The Mercer County Prosecutor’s Office announced this afternoon that it has concluded its investigation into the 911 call made by Princeton Councilwoman Jo Butler. No charges will be filed in the matter.
“At our discretion, it was deemed appropriate to issue Ms. Butler a warning, which is not uncommon for a first time infraction of this nature,” wrote a spokeswoman for the office in an email to reporters.
On September 18, Butler made a 911 call from the Dinky station because she was concerned about whether the Princeton Police or Princeton University Public Safety respond to such emergency calls.
“I had a productive conversation with the prosecutor’s office and I apologized to them and to Capt. Sutter of the police department,” Butler told Planet Princeton. “I’m glad I can move on and focus on the important business of the town. I assume the issue I’ve raised concerns about is going to be addressed by the university and the police, and I trust that they will address it.”
At a Council meeting in September, Butler received conflicting answers from a police representative and a university representative as to whether calls made from a cell phone are routed to campus public safety or the police. So she decided to make a call herself and see who answered. She asked which department she was calling and identified herself as an elected official.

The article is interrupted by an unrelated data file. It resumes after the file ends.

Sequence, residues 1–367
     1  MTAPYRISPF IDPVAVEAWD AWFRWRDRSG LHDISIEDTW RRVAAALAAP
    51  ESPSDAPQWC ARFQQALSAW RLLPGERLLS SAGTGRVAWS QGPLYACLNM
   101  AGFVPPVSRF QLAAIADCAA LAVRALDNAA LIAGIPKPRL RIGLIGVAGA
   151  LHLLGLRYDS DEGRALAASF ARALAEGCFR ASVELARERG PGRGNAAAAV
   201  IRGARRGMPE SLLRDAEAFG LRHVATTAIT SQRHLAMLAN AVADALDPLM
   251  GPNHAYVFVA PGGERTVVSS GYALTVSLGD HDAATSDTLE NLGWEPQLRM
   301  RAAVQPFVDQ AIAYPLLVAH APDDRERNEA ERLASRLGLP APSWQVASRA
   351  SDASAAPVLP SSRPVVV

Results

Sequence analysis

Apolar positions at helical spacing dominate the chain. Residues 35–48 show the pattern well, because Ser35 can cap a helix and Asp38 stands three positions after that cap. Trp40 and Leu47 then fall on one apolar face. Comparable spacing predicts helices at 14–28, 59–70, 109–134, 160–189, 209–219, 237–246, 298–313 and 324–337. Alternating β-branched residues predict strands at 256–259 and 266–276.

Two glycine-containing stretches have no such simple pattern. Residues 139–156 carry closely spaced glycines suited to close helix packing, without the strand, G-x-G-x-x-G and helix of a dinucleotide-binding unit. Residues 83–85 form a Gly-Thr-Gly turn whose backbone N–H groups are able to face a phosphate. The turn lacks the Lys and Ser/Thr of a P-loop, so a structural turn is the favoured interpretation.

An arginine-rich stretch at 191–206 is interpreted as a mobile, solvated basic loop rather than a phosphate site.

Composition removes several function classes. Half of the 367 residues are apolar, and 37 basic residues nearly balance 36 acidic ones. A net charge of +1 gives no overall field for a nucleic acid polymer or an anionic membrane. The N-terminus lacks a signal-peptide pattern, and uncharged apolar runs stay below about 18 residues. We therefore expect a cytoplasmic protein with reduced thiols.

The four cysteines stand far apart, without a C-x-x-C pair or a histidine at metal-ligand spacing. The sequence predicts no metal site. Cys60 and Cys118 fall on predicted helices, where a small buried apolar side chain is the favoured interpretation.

The Princeton Police flagged the issue and referred the matter to Administrator Robert Bruschi, who then contacted the Mercer County Prosecutor about the issue, a police official said.
The issue of who responds to emergency calls has been a matter of concern for some public officials over the past year. It has not always been clear who responds to which Princeton University buildings off campus, and there was confusion about who responds to cell phone calls. Butler and other officials expressed concerns about possible delays or miscommunication in routing more serious incidents from Princeton University to the Princeton Police.